Managing Spring Biology Surveys to Keep Development Projects Moving Forward

Every spring survey is slightly different. While some species — plants and butterflies to name two — have variable survey seasons, others have well established or federally-mandated survey seasons. Missing a survey window can adversely impact a project’s schedule.

The key to managing mandated surveys is to combine the needs and schedule of the development project with a thorough understanding of the various species survey protocols and regulatory requirements.

Some approaches to consider are:

Determining whether a survey is really needed this year based on the project’s schedule, or is it better to complete it next year to more effectively utilize immediate funds and ward against survey aging.

Determining which surveys are required. The vegetation communities and other factors may require different surveys, each with its own timing and protocol. Missing one of these survey windows can adversely affect agency coordination, project roll-out or lead to additional surveys down the road.

Understanding the basic resources present on or within a 10-mile buffer of the development site (e.g. soil types, vegetation communities, wetland resouces if any). Your project biologist can provide initial assessment of the potential resources that might affect the project and help devise a plan for conducting the appropriate studies to get you through the regulatory process. Doing this early can help ensure that you don’t miss critical survey windows or needs.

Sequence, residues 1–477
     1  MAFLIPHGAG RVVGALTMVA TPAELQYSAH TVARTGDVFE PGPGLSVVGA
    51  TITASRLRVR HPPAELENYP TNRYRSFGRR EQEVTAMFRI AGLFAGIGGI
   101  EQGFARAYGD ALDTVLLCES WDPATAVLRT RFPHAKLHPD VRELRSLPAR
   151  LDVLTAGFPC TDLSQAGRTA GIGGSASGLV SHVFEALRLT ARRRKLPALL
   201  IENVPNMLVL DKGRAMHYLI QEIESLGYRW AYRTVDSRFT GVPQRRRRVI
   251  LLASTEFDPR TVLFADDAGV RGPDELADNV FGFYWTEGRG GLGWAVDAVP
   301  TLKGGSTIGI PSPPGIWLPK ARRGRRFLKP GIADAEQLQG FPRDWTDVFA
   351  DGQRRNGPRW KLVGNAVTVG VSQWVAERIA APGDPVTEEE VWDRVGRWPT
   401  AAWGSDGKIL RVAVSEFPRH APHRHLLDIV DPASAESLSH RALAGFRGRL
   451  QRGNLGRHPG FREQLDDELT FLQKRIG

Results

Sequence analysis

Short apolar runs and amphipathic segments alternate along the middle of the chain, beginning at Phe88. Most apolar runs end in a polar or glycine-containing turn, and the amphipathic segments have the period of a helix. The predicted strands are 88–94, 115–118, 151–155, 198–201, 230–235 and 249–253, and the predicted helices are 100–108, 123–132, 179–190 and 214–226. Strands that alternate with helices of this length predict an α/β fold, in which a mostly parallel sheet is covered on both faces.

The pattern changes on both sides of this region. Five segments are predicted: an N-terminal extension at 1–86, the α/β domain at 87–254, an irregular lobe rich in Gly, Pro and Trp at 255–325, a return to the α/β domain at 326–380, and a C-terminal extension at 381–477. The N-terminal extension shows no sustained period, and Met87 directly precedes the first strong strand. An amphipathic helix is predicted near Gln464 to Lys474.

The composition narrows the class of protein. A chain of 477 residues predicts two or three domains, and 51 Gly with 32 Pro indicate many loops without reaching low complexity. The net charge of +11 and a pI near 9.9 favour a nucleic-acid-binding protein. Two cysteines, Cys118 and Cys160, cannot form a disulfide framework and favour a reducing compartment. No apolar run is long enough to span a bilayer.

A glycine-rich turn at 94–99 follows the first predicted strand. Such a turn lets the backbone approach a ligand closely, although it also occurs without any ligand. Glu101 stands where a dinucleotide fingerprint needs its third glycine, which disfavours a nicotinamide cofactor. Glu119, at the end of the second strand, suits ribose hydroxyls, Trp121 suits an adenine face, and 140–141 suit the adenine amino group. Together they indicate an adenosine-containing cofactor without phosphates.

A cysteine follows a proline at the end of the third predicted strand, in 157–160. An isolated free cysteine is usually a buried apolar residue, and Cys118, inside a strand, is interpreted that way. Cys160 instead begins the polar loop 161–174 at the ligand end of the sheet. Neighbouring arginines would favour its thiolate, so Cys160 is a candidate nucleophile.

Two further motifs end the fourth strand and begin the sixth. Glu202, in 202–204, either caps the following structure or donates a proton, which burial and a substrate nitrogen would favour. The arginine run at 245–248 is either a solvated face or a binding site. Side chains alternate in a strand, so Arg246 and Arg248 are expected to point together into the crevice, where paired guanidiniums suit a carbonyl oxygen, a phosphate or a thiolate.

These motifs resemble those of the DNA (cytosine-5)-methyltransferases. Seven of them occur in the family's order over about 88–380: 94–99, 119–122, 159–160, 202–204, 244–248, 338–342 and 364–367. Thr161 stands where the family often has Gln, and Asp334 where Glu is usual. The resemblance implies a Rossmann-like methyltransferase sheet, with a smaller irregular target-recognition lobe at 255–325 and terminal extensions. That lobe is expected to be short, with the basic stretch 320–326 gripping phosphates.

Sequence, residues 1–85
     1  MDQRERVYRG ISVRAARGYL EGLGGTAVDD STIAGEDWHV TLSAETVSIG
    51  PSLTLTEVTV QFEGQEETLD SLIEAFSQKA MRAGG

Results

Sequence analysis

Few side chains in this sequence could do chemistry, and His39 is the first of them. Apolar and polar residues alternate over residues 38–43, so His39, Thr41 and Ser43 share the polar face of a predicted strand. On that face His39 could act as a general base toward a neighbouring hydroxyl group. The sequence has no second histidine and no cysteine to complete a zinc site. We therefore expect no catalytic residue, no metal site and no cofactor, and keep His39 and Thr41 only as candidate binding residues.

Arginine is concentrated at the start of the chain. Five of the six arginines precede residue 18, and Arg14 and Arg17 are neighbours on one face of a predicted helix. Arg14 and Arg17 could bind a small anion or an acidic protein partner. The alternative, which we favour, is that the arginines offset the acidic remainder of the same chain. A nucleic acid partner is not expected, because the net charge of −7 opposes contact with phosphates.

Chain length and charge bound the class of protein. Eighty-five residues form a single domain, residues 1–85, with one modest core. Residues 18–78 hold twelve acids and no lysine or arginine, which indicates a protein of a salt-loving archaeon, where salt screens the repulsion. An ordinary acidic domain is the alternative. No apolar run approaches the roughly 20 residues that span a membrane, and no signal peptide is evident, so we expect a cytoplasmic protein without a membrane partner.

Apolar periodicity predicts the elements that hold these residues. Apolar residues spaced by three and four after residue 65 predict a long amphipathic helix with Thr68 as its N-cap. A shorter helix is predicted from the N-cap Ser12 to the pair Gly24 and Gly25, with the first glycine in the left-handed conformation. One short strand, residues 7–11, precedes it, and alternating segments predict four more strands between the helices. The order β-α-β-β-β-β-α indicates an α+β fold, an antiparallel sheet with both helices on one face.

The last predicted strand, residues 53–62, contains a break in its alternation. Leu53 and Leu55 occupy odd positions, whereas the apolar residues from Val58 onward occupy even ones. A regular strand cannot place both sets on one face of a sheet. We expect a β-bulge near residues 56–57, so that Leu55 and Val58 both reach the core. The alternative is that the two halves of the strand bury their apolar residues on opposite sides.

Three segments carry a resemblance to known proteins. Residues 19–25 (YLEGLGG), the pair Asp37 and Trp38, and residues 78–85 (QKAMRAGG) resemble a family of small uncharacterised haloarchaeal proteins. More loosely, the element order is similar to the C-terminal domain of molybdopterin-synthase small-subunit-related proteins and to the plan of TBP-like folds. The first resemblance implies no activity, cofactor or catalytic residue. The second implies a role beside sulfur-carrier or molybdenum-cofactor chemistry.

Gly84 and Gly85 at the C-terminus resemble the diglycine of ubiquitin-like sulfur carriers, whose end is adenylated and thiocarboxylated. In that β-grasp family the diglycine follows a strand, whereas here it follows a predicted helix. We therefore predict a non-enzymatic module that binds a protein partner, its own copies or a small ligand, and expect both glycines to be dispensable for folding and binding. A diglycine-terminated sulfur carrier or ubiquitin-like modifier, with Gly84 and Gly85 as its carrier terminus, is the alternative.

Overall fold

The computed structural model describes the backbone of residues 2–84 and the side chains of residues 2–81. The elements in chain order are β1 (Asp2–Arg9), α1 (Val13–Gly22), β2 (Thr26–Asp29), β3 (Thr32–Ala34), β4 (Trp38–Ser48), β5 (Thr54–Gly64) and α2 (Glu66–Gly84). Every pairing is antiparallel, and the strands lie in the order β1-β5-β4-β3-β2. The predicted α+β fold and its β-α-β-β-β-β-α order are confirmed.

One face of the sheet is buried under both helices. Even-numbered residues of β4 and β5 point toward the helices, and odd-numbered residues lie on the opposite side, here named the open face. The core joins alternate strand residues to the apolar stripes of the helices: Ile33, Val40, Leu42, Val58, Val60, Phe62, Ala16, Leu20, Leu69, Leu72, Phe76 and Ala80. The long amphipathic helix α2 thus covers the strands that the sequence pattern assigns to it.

Communicating early with the appropriate local, state, and federal regulatory agencies to gain their buy-in on the suite of surveys and methodologies proposed. We have found that regulatory agencies appreciate the opportunity to participate early in the process and are much more willing to work through logistical issues with project proponents when they are at the table early and feel like they are a partner in the process. Seemingly daunting issues, such as out-of-season surveys, or too few surveys, can often be handled when there is trust and partnership.

Make sure that your biologist is conversant with the most recent versions of the following:

  • Draft Eagle Conservation Plan Guidance (USFWS 2011) that provides interpretive guidance on applying the 2009 Final Eagle Permit Rule permit standards and also explains the USFWS’ approach to issuing programmatic eagle take permits, and provides guidance to applicants and biologists on the development of Eagle Conservation Plans to support permit issuance.
  • Draft Voluntary Land-Based Wind Energy Guidelines (USFWS 2011) used by developers, federal agencies, and state organizations for selecting sites for wind energy projects and analyzing short and long-term effects of development
  • California State Senate Bill 618 which, in part, modifies the language of the Natural Communities Conservation Planning Act (NCCP) to include “Fully-Protected” species to the “Covered Species” definition. This allows a mechanism for previously impossible take where there is an NCCP in place or in process.

Your biologist should also be conversant with the relevant local policies, wetland permitting policies, and habitat conservation planning efforts (e.g. Desert Renewable Energy Conservation Plan) taking place in your region.